A leading Islamist party has claimed victory in Tunisia's first democratic election, sending a message to other states in the region that long-sidelined Islamists are challenging for power after the "Arab Spring".
Official results have not been announced, but the Ennahda party said its workers had tallied the results posted at polling stations after Sunday's vote.
Almost three-quarters of those eligible to vote turned out for the first elections since the uprisings, which began in Tunisia and spread through the region.
"The first confirmed results show that Ennahda has obtained first place," campaign manager Abdelhamid Jlazzi said outside party headquarters in the centre of the Tunisian capital.
As he spoke, a crowd of more than 300 in the street shouted "Allahu Akbar!" or "God is great!" Other people started singing the Tunisian national anthem.
Kamel Jendoubi, head of the electoral commission, said the turnout was "over 60% and close to 70%" by 4pm UK time on Sunday - three hours before the polls closed.
The figure was beyond expectations despite what Mr Jendoubi described as some "soft" intimidation of voters.
He said this included street demonstrations and continued campaigning on voting day - which is against the rules - and that some parties had received warnings.
The elections are Tunisia's first since a popular uprising that overthrew its longstanding leader Zine El Abidine Ben Ali and set off similar rebellions across the Arab world.
Mindful that some people in Tunisia and elsewhere see the resurgence of Islamists as a threat to modern, liberal values, party officials said they were prepared to form an alliance with two secularist parties, Congress for the Republic and Ettakatol.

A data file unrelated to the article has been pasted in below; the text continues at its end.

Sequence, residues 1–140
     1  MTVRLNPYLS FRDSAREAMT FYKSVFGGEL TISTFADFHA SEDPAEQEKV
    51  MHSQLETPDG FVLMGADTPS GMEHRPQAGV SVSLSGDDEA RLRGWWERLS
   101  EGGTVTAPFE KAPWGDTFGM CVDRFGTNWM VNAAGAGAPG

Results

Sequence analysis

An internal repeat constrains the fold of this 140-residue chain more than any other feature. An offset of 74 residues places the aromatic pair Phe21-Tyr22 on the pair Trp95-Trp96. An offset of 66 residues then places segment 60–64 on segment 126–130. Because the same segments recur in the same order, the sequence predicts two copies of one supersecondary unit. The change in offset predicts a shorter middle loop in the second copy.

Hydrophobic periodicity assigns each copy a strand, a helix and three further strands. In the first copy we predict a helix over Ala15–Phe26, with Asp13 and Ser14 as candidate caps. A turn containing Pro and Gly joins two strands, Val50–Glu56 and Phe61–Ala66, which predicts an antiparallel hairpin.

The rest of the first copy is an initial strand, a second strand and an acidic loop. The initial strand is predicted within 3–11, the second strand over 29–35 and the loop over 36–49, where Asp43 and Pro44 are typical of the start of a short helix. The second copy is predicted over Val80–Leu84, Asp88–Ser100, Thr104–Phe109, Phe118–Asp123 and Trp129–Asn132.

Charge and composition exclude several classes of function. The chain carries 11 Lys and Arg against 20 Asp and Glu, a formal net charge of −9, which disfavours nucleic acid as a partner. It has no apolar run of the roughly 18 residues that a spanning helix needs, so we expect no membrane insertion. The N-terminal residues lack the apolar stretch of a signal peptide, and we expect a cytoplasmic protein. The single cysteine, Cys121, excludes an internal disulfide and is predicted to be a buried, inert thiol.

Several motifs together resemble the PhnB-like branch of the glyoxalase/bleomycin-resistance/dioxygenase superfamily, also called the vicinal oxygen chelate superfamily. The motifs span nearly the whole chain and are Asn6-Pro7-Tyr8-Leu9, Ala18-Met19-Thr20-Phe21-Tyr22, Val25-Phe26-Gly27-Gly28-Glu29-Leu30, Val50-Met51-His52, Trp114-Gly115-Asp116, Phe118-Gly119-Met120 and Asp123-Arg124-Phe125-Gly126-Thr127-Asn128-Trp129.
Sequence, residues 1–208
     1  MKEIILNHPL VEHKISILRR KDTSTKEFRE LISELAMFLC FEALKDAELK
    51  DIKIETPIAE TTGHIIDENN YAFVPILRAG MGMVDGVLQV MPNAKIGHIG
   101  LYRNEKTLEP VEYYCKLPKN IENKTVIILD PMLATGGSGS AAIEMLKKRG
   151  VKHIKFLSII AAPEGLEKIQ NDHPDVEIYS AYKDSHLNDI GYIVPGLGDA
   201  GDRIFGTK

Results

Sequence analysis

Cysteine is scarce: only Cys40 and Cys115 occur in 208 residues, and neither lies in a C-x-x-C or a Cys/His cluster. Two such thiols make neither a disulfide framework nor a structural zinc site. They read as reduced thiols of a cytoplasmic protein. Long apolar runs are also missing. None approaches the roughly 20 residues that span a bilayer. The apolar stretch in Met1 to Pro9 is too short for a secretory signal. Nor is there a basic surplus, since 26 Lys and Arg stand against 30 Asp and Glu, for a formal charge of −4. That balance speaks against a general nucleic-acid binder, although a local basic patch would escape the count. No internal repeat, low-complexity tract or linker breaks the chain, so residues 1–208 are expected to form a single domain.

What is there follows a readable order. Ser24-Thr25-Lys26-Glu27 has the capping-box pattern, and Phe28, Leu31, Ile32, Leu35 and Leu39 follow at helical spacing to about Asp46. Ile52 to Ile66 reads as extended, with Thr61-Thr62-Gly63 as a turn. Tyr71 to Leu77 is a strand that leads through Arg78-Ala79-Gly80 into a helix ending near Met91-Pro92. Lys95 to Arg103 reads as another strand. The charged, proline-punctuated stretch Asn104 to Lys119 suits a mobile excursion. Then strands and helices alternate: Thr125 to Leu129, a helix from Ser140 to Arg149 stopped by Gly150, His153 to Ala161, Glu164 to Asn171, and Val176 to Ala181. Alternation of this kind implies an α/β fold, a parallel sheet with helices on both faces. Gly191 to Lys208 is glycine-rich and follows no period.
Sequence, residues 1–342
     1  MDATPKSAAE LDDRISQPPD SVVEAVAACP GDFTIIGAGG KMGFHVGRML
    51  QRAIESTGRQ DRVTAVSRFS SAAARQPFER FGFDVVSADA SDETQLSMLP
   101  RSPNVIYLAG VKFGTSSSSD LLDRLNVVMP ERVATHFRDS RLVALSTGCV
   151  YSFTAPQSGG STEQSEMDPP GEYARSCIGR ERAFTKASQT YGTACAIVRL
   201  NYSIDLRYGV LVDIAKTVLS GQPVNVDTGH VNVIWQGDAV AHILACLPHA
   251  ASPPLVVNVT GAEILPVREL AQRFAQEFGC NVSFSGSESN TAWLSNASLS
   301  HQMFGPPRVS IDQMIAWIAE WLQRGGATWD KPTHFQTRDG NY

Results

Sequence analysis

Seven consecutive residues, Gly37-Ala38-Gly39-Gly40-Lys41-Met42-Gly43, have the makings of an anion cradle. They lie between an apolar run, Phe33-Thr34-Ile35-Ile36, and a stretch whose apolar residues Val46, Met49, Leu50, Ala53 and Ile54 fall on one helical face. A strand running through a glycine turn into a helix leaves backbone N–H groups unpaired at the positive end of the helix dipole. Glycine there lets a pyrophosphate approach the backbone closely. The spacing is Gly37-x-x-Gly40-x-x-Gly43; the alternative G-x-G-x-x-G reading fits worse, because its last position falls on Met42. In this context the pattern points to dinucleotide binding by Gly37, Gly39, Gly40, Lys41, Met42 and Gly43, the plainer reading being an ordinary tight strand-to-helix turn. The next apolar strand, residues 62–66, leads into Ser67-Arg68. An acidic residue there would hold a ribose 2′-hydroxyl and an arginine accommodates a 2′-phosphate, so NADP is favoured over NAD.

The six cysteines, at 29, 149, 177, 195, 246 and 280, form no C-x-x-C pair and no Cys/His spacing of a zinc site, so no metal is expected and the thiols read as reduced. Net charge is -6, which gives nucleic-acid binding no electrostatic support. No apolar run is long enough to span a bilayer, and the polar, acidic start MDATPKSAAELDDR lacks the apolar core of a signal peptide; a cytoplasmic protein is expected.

"We will spare no effort to create a stable political alliance ... We reassure the investors and international economic partners," Jlazzi said.
Sunday's vote was for an assembly which will sit for one year to draft a new constitution. It will also appoint a new interim president and government to run the country until fresh elections late next year or early in 2013.
Meanwhile, clashes between Yemeni government troops and a renegade army unit reportedly killed 20 people.
The violence in Yemen came a day after the UN Security Council unanimously adopted a resolution calling on embattled President Ali Abdullah Saleh to step down.
He continues to cling to power despite mass anti-government demonstrations over several months, which have left the country in chaos.
The latest deadly fighting, which officials said left at least three civilians dead, broke out in capital Sanaa early on Saturday.
In Syria, there has been fresh condemnation of violence by Syrian president Bashar Assad's security forces, who activists blame for killing at least 24 people during protests on Friday.
It did not stop the crowds from chanting: "Your turn is coming, Bashar."
The US has withdrawn its ambassador Robert Ford from Damascus because of concerns for his safety. He has been an outspoken critic of President Assad's crackdown on protesters during the country's seven-month long uprising.
Meanwhile, in Saudi Arabia, the death of the heir to the throne, Crown Prince Sultan bin Abdul Aziz , at the weekend has raised new questions about the future of the oil giant in the face of regional unrest.